* Indigo Children are actually a result of a series of donations Ray Kurzweil made to sperm donor banks in late 80s to early 90s.
* On August 4, 1997, while Ray Kurzweil was staying at a hotel, the cable TV shorted out. Rather than wait for room service, Kurzweil attempted to fix it himself. As a result, Skynet became self-aware and started the subsequent robot holocaust.
* The Kaaba at Masjid al-Haram in Mecca is actually Ray Kurzweil's backup web server.
* When he was young, Ray Kurzweil used to volunteer in the neighborhood by tutoring learning disabled kids on basic language and communication skills. One of those kids was later elected 43rd President of the United States.
* MacGyver calls Ray Kurzweil when he runs out of paperclips, rubber bands and drinking straws.
* Rosh Hashanna is the day each year that Ray Kurzweil defrags God's hard drive. Yom Kippur is when he runs the virus sweep.
* Ray Kurzweil once beat Garry Kasparov at a game of chess. He then proceeded to beat Deep Blue at a game of tic-tac-toe.
* Ray Kurzweil's research on longevity are actually part of deal with Cthulhu to increase his feeding stock once he awakens. In return, Kurzweil gets the patents on the Furby and the Swiffer.
* The 4400 is actually just an elaborate marketing scheme for a new health supplement Ray Kurzweil is test marketing in the Seattle area.
* Ray Kurzweil knows what Willis was talking about.
* The Unabomber was just Ray Kurzweil when he was drunk and pissed off. He later pinned the whole debacle on his AA sponsor Terry Kaczynski.
* In elementary school, the teacher ask Ray Kurzweil what kind of numbers are divisible by 2, to which Kurzweil responded "All of them except zero, you stupid bitch!"
* NASA didn't film the moon landing in the Arizona desert. They subbed the job out to Ray Kurzweil's production studios on Altair 6.
* Al Gore didn't invent the internet. He just asked Ray Kurzweil if he could think of a good way to distract Tipper with pictures of cute kittens and puppies so Al could jerk off to hardcore porn.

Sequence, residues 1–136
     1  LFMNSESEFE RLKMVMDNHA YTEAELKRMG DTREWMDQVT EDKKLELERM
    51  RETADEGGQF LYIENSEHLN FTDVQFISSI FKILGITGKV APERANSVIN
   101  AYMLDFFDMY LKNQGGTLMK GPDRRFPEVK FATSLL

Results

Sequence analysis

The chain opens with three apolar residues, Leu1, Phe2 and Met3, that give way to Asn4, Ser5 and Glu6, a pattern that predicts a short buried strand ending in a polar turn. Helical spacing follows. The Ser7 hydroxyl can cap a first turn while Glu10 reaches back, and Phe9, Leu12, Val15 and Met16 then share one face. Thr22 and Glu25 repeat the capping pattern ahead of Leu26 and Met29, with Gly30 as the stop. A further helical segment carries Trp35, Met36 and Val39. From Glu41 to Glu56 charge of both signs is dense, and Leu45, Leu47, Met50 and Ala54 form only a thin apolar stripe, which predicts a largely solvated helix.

* Ray Kurzweil poisoned both cups. He's been building up an immunity to Iocaine for years.
* Ray Kurzweil authored and copyrighted the algorithm calculating, based on future trends of lingual width and moisture among homo sapiens, and rainfall projection and irrigation practices in Caribbean and South American sugar and cocoa plantations, how many licks it takes to get to the center of a Tootsie Roll Pop.
* Who is John Galt? Ray Kurzweil's poolboy.
Friday, April 27, 2007
Product Review: DragonTM NaturallySpeaking®9
I didn't write this blog post. My computer wrote it for me. I dictated it.
I wrote this blog posts with the assistance of DragonTM NaturallySpeaking®9, a very versatile speech-to-text application that I paid $100 for at Circuit City a few weeks back. Around that time, I was reading over The Age of Spiritual Machines by Ray Kurzweil the second or third time around. The book was written in 1999, and he predicted that by the year 2009 that rather than use keyboards, we would start to dictate words to our computers. A lot of Ray's 2009 predictions are definitely coming to pass, such as wires disappearing from hardware, and that most financial transactions would happen between a human and computer. Other than some cheesy attempts at voice commands on some automated phone systems I use when calling customer service lines—staffed with robots that tries embarrassingly hard to act human—I haven't seen much use speech recognition. But Kurzweil has a good track record as far as predicting the future, so I did some web searching to see what was out there to see if there wasn't some huge tech revolution that I was missing. I found jott.com, a website that's being beta-tested, where you use your cell phone to e-mail to yourself or others audio reminders, and also get a text translation of your audio message. A trial of it proved underwhelming. You could only leave yourself short messages and the text of your message would end up being very garbled. And then I found NaturallySpeaking 9, a software application that needs to be installed on your computer, and needs a really large amount of memory to work, but has much better quality.